A recent survey by the Institute of Policy Studies in Singapore to measure attitudes of Singaporeans towards mandatory National Service (NS) showed that one woman in 10 is willing to volunteer for NS two years for National Service. The survey sparked some discussion about whether the playing field should be levelled and if women need to serve in the armed forces.
The news brought to the surface the issue of gender inequality and in a broader context, the relatively low rates of female representation at the top levels of business in Asia. Reports such as McKinsey’s Women Matter or the report (study) by our very own Centre for Governance, Institutions and Organisations (CGIO) report indicate that gender diversity is not a business imperative for many Asian companies today.
We spoke to Chung Yuen Kay, Adjunct Associate Professor at NUS Business School, who is also one of the instructors in our Women in Leadership Executive Education programme, to get her insights into issues related to women and leadership
Richard Howard, the President & CEO of Daimler Financial Services Asia Pacific and Africa, recently visited the School to share leadership lessons to create a winning culture across different cultural environments, as a part of Leadership Dialogue Series.
Daimler Financial Services (DFS) is a global financial service provider of a comprehensive range of automobile-related financial services. Richard, originally from England and a father of four, has worked with Daimler for over 18 years and has led global teams. He got his MBA from Aston University, UK, and has a BA (Honours) in Business Studies from the University of Central England, UK.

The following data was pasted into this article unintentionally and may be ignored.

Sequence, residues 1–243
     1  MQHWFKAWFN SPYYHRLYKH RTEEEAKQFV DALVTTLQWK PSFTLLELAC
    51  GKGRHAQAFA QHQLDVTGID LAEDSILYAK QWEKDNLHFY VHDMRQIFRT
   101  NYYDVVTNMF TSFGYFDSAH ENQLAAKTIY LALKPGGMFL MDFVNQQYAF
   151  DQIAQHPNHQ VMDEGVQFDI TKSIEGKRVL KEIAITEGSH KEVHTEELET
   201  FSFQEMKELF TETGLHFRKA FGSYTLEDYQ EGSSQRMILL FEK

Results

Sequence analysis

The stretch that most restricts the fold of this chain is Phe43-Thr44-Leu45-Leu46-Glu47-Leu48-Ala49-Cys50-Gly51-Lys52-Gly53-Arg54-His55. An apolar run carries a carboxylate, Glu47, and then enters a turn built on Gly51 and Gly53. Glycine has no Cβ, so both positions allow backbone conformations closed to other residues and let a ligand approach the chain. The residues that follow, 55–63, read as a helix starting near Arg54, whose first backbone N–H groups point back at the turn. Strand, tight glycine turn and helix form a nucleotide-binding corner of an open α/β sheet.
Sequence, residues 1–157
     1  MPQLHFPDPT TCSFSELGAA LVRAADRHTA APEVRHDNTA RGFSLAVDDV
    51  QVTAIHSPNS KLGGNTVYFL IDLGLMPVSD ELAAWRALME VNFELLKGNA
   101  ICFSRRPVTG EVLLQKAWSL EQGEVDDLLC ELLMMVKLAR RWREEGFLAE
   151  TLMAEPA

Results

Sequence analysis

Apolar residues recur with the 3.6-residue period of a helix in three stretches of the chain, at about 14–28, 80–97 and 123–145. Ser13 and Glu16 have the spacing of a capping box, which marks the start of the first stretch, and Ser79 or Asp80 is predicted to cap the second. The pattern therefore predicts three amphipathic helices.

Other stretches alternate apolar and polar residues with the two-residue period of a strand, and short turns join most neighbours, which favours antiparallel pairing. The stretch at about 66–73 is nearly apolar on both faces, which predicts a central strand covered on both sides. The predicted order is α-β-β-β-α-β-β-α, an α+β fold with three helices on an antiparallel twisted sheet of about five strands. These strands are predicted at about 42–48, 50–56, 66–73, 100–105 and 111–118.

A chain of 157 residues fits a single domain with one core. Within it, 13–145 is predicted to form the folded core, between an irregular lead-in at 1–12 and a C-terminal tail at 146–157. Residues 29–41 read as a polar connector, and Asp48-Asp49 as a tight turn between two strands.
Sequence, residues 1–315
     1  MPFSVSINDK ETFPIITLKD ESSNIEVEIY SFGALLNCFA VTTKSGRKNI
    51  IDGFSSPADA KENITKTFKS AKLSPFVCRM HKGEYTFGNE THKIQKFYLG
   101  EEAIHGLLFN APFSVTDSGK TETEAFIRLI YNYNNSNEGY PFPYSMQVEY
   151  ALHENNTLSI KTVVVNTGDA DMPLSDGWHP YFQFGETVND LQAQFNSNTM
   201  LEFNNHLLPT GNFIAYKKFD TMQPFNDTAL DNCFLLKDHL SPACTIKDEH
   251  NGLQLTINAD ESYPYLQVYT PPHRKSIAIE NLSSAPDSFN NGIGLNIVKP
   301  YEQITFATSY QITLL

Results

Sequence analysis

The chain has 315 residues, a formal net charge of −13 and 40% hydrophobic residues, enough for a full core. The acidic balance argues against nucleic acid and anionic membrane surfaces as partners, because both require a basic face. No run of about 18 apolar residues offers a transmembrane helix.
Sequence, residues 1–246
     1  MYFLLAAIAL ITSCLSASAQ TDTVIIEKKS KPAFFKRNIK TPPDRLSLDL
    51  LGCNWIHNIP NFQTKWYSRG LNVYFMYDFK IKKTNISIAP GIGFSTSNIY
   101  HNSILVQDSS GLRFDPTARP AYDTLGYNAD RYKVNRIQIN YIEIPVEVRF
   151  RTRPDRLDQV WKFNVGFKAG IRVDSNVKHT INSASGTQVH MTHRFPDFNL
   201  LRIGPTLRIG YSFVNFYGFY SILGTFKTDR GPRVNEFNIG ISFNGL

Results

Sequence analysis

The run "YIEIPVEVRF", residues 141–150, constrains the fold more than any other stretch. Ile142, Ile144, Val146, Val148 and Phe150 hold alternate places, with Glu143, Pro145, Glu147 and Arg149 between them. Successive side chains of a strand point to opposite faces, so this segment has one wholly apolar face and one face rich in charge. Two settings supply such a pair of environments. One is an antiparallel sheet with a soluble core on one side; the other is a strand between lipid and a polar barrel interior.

Given his breadth and depth of experience, his insights were valuable to all of us. In particular, his words of wisdom about what he did not learn in a business school, were inspiring. We couldn’t resist sharing it with you; so here are the excerpts of his talk: Continue reading
Consider this scenario: You’re a final year MBA student attending an important networking session organized by potential recruiters from a company you’re aspiring to join soon. You prepare yourself, carry your business cards, dress your best and attend the networking session only to find out that there are over 50 other peers at the event who are also vying for the same two minutes of face-time with the recruiters and eventually the job you are aspiring for. How do you make a lasting impression on the recruiter when it’s your turn?
Sounds familiar? Haven’t we all gone through these kinds of social, critical moments when we don’t know what to do? Those awkward pauses in business conversations when we wished we had said something? Or those countless business meetings or lunches when we missed an opportunity to make our points effectively and regretted later?
This is the kind of stuff that most MBA programmes don’t teach us – and we’re being told that either we know it or we don’t –or we cannot learn it. Known as management communications, it is the communications skill that is linked to almost all outcomes we desire from an MBA degree – getting that first job, making an impact in a new job, influencing negotiations, becoming an influential leader and achieving our goals. Yet, how many of the top global MBA programmes have management communications as a part of core curriculum? Continue reading